The first military specification which defined all physical and operating parameters of a circular connector, AN9534, appeared on November 1, 1934. This specification was superseded two years later by AN-W-C-591, which was used with various revisions for the duration of World War II. The growing importance of airpower during the war led to the establishment of the U.S. Air Force as a separate branch of the military with a whole new set of connector requirements.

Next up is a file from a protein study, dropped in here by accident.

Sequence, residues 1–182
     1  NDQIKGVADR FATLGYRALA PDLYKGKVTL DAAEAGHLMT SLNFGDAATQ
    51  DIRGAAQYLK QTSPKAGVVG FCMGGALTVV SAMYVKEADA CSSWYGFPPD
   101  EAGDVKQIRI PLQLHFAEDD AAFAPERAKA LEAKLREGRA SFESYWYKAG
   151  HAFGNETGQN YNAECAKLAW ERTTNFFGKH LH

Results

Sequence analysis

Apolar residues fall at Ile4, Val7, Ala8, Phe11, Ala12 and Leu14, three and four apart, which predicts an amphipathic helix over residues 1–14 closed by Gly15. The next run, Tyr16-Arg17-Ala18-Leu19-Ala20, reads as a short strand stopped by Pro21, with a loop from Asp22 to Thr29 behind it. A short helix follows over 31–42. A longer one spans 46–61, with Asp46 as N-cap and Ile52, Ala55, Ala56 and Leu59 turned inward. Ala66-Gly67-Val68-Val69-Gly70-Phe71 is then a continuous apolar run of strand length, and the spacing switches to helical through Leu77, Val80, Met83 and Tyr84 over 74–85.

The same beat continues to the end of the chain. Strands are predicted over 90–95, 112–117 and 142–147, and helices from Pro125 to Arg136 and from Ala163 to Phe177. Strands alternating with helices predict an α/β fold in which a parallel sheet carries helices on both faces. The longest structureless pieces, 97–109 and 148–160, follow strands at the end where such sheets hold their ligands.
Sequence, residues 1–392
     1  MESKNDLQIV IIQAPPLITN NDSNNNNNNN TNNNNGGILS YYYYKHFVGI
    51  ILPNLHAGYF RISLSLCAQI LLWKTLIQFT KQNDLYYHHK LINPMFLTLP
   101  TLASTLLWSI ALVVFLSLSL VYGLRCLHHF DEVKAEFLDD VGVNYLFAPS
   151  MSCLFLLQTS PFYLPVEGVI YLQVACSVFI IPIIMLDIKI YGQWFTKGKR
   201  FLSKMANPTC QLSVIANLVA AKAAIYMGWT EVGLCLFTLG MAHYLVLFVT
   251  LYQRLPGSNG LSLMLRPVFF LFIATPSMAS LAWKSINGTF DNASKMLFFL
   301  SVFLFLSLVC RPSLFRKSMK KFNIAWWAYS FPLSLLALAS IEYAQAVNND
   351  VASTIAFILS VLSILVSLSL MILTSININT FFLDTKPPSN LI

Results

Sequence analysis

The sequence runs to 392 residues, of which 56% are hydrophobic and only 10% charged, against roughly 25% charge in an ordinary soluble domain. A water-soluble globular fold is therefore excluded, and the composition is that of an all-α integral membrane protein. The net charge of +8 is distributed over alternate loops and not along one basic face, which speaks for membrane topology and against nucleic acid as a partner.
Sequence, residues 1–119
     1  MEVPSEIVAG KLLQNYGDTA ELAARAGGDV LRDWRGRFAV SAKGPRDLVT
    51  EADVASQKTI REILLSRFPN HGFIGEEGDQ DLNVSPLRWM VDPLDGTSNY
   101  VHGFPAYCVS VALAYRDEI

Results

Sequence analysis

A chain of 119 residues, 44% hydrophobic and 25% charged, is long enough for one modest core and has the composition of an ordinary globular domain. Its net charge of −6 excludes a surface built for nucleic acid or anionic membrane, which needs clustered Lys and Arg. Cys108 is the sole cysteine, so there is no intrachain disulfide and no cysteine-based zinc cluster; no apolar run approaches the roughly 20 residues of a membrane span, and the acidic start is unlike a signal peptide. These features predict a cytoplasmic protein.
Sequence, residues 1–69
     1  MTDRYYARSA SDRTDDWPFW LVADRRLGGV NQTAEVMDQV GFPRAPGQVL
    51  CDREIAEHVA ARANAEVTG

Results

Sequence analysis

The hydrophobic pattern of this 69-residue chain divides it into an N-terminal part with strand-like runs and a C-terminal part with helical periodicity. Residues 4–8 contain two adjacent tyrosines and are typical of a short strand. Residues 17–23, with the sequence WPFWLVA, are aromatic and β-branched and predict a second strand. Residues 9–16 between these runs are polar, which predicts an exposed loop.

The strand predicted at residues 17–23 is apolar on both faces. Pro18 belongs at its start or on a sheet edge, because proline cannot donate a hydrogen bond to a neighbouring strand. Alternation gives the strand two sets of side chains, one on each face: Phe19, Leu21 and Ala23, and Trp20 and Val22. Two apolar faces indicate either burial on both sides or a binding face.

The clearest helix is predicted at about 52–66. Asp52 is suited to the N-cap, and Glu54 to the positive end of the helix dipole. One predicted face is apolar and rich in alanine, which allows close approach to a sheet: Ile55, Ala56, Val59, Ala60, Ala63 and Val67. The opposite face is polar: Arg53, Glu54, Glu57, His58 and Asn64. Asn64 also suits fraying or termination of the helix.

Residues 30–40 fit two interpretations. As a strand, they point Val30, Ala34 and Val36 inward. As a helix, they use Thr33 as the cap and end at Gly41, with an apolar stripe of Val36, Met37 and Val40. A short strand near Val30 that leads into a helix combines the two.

In 1949, MIL-C-5015 superseded AN-W-C-591 and became the first coordinated connector specification approved for use by all three services, Army, Navy, and Air Force. Considered the “Granddaddy” of all connector specifications, MIL-C-5015 covers power connectors available in contact sizes from 16 to 0 and operating voltages ranging from 200 to 3000 volts AC (rms). Initially, these connectors did not include environmental sealing and were available only with solder contacts. Class “M”, a moisture-resistant version, soon appeared but was superseded by Classes “E”, “R” and “F”. The environmental characteristics of the connector improved with each new class. Revision F became effective in 1971 and unified accessory thread configurations and also added a rear release crimp contact connector known as the “3450” series. The current revision is Revision G which clarifies definitions, testing, and operating requirements.